Unpaid school lunches up 500 percent

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The Warwick School Committee decided last year that it would no longer force students who were delinquent on lunch payments to eat a SunButter and jelly sandwich. It was considered by some in the community to be a “shaming” tactic, as a student could, in theory, have been identified as not having money for lunch based on their limited selection.
The result of the change? The budget line item that tracked how much the district owed in unpaid lunch fees jumped 500 percent, from around $9,000 in June of 2017 to around $45,000 in June of 2018.
Now, the school committee is actively discussing whether or not they will re-institute the old policy, which would once again restrict students to a limited selection of a singular lunch choice and put pressure on consistently delinquent parents that have racked up high lunch debts. The policy reintegration was given a first reading during the Nov. 20 meeting of the school committee, but was tabled until the meeting in January during Tuesday night.
This means that the newly elected school committee – on which three new members will be instilled – will take up this as one of the first major decisions to make when they are sworn in.
From the administration’s perspective, the policy change would give some teeth back to enable them to collect money that simply needs to be paid. Without any recourse to put pressure on delinquent accounts, there isn’t much to be done to try and collect it – as evidenced by the huge jump in owed money from 2017 to 2018.
“Some students, the only thing that resonated was, ‘Why do I have to have a cheese sandwich when I want a burger?’ That made the parents pay attention,” said finance director Anthony Ferrucci during a recent interview.
The sandwich in question – historically a cheese sandwich, as mentioned by Ferrucci, was utilized – has changed (SunButter is the modern, hypoallergenic choice). But what also has changed, and would be the case with this proposed policy, is that the SunButter and jelly sandwich is a regular lunch item. It would not, by itself, out a student as being delinquent or unable to afford other options.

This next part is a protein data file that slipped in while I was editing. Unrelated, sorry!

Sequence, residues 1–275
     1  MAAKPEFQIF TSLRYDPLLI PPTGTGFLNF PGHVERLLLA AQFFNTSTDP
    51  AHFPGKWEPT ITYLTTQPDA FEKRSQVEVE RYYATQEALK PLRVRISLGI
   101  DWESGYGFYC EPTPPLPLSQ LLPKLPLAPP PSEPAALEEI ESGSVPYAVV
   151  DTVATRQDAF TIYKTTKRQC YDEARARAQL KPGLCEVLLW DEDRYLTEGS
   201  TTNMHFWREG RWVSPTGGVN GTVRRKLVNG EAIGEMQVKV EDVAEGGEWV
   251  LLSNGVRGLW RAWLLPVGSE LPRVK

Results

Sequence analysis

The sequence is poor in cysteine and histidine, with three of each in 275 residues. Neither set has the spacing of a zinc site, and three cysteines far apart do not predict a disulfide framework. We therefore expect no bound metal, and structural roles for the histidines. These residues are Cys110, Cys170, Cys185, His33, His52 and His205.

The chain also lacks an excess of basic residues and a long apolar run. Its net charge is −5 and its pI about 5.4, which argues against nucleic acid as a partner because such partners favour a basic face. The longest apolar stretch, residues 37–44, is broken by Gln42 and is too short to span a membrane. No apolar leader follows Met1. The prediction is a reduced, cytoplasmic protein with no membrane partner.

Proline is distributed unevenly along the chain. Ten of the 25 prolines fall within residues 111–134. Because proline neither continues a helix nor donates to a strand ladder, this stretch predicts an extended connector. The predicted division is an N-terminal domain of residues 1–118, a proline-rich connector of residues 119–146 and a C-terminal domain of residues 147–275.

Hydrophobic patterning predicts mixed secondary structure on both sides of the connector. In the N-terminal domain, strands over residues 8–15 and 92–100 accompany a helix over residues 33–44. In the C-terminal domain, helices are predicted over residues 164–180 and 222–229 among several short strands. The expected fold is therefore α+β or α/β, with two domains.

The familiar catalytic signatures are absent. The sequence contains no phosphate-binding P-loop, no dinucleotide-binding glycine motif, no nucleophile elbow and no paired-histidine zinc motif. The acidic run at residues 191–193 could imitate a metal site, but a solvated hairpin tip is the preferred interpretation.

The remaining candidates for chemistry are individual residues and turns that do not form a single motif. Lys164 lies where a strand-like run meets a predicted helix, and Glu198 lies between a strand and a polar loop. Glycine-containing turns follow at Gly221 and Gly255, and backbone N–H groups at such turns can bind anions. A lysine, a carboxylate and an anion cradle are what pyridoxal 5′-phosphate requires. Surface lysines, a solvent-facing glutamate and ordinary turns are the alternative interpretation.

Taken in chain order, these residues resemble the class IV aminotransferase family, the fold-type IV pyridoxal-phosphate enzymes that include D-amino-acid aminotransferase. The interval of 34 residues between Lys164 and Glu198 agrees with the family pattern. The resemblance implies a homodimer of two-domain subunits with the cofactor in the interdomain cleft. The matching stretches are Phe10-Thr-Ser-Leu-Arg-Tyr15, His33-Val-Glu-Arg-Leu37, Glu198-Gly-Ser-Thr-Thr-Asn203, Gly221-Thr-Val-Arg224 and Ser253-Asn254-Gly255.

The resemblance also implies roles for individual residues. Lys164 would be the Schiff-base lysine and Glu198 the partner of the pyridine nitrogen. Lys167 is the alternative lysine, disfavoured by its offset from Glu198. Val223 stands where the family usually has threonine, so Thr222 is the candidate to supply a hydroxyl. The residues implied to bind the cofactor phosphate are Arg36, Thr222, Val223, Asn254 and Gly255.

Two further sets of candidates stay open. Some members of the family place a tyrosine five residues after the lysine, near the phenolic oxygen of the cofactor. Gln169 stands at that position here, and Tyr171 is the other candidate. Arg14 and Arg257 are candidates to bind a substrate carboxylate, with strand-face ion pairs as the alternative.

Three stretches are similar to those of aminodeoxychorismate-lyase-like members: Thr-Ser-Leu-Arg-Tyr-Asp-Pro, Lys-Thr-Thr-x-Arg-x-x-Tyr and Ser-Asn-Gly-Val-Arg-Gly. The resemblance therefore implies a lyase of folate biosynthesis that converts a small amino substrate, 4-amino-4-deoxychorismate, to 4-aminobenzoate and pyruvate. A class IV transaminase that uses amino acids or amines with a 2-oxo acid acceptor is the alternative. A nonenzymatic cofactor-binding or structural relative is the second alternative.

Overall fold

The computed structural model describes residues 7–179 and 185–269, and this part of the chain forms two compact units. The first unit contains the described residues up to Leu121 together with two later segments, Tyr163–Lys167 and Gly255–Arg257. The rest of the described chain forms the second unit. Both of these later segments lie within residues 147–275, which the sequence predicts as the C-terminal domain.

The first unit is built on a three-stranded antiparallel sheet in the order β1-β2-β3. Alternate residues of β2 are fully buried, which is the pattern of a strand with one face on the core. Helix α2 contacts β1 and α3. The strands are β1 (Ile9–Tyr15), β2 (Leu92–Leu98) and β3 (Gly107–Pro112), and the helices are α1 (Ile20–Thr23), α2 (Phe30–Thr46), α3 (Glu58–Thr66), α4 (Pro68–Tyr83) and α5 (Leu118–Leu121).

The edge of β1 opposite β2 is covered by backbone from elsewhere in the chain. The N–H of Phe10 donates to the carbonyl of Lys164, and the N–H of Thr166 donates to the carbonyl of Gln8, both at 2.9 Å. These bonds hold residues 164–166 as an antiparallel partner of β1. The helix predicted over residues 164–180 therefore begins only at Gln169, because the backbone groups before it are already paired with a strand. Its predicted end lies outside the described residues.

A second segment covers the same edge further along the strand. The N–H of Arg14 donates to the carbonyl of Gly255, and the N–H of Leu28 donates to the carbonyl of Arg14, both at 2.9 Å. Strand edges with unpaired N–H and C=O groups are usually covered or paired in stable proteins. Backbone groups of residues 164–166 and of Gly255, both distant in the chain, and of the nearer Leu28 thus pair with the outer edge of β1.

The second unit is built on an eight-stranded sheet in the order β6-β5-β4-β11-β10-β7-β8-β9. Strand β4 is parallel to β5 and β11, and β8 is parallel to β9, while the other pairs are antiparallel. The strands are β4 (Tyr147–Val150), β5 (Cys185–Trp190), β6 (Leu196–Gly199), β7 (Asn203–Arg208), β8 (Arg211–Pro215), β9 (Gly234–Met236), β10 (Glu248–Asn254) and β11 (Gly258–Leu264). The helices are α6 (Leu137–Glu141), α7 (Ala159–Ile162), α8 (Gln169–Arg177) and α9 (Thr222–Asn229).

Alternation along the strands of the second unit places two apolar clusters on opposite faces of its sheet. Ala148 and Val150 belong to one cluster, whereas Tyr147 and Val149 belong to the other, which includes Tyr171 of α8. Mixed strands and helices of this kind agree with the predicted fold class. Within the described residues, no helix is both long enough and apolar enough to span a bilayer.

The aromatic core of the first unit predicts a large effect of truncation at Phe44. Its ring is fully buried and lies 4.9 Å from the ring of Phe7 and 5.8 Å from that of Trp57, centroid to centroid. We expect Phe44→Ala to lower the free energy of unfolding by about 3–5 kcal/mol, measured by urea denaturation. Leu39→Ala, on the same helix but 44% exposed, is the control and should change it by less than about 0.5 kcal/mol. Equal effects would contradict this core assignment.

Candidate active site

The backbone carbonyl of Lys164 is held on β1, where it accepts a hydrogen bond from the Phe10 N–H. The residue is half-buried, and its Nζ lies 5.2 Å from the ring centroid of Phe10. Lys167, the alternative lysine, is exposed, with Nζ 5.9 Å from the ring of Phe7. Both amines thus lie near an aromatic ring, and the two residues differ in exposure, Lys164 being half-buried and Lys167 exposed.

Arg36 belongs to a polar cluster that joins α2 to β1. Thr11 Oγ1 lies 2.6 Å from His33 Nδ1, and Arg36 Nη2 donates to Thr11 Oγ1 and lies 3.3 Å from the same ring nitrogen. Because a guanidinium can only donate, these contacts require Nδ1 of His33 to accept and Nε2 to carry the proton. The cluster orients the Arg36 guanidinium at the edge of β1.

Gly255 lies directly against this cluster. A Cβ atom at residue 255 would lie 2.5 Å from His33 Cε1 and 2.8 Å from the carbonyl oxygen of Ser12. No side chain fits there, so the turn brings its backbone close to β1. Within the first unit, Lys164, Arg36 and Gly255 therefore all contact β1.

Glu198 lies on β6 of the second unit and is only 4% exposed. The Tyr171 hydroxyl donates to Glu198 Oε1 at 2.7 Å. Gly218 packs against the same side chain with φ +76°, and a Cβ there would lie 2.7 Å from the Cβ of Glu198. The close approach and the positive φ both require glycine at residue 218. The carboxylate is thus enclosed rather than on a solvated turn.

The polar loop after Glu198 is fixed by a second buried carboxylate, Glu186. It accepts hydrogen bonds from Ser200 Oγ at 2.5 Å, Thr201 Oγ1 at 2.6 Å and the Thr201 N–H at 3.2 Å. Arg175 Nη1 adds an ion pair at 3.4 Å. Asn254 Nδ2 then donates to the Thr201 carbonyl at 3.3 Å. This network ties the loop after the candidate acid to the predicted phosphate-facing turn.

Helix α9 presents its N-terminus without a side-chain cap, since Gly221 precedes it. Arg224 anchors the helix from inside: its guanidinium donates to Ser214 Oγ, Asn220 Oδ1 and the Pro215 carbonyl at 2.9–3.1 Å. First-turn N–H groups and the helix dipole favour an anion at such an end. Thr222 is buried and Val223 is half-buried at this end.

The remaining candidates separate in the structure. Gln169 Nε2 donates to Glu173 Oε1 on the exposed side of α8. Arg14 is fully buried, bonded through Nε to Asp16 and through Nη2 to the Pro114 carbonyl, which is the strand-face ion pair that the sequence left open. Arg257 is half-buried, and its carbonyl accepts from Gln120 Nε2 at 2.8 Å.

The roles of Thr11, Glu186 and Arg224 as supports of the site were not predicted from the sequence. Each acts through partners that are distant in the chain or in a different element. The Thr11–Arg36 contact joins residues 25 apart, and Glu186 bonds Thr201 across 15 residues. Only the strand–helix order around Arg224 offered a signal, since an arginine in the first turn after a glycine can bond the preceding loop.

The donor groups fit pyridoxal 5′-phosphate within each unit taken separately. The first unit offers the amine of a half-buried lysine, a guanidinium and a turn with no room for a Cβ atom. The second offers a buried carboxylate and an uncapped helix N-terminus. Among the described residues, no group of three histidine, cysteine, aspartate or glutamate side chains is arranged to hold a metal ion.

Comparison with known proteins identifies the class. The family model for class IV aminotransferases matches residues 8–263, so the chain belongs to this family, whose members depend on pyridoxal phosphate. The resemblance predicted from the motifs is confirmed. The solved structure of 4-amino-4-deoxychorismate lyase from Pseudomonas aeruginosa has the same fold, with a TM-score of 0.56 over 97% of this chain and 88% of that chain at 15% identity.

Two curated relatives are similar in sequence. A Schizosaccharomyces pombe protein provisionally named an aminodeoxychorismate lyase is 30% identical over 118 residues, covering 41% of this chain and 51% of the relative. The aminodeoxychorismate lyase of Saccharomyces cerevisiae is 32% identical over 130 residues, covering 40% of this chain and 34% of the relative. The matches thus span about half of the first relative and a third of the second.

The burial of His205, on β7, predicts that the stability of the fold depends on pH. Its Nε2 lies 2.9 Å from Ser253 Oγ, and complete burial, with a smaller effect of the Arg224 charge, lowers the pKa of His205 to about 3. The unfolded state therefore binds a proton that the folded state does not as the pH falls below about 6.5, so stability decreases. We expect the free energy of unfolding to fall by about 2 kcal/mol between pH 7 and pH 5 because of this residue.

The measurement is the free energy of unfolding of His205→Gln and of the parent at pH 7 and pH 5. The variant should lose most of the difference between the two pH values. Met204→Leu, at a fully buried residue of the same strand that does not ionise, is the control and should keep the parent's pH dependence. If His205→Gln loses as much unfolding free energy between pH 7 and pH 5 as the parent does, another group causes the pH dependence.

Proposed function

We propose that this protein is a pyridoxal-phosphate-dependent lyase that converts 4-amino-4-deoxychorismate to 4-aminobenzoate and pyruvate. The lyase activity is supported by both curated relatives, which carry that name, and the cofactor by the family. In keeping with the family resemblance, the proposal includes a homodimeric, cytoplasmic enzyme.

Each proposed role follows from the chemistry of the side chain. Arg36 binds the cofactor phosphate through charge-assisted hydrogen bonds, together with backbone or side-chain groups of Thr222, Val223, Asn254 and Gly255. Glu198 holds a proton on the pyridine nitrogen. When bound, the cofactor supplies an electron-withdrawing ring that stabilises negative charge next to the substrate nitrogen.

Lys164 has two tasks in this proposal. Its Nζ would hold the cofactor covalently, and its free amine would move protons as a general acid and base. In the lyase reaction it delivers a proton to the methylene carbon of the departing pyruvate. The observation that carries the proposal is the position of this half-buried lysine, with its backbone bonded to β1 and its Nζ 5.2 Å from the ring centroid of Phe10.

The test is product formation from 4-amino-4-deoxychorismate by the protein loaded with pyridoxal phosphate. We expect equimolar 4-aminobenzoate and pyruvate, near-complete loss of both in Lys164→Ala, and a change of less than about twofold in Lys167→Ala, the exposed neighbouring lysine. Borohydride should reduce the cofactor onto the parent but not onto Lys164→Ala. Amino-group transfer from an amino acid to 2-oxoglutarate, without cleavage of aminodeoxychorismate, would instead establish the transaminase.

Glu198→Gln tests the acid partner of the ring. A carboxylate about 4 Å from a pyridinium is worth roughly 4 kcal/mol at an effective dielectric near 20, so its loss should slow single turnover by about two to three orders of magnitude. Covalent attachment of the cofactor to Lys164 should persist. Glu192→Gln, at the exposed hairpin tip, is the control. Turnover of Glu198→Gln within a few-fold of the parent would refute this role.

“No child should go hungry, but a SunButter and jelly sandwich includes milk and everything else that a regular meal includes and it is actually on the menu,” said Karen Bachus, School Committee Clerk during the Nov. 20 meeting. “So, it’s not an issue where somebody’s child gets SunGutter and nobody else gets SunButter.”
The policy would also put in place a lenient system of multiple written and telephoned notifications prior to the student being limited to only the SunButter sandwich, and plenty of chances for setting up a payment remediation plan prior to school going for the nuclear option – which would be to forward consistently delinquent accounts to a debt collection agency that would then go after the parents of such accounts to collect moneys owed.
Bachus, who sits on the committee’s policy committee, said she would support the policy change because getting rid of the policy clearly had a significantly negative impact on how many people began to subvert paying for lunches. She also agreed with the system of notification that would alert parents multiple times prior to taking any real action.
“It gives them time, the family and parents know by then, they will be contacted,” she said. “And if they choose not to contact us to set up some sort of payment plan, then they are in fact, if you ask me, shaming their own children and themselves.”
School Committee Chairwoman Bethany Furtado agreed, saying that some of her own grandchildren prefer the SunButter sandwich over other options anyways, and that if parents need help paying for lunches, they likely qualify for the free and reduced lunch program and need to get that process started, to which Bachus agreed as well.
“The Warwick School Dept is losing a great deal of money,” Bachus said. “If children are eligible, then they will get free or reduced lunch. We need more parents to sign up for that.”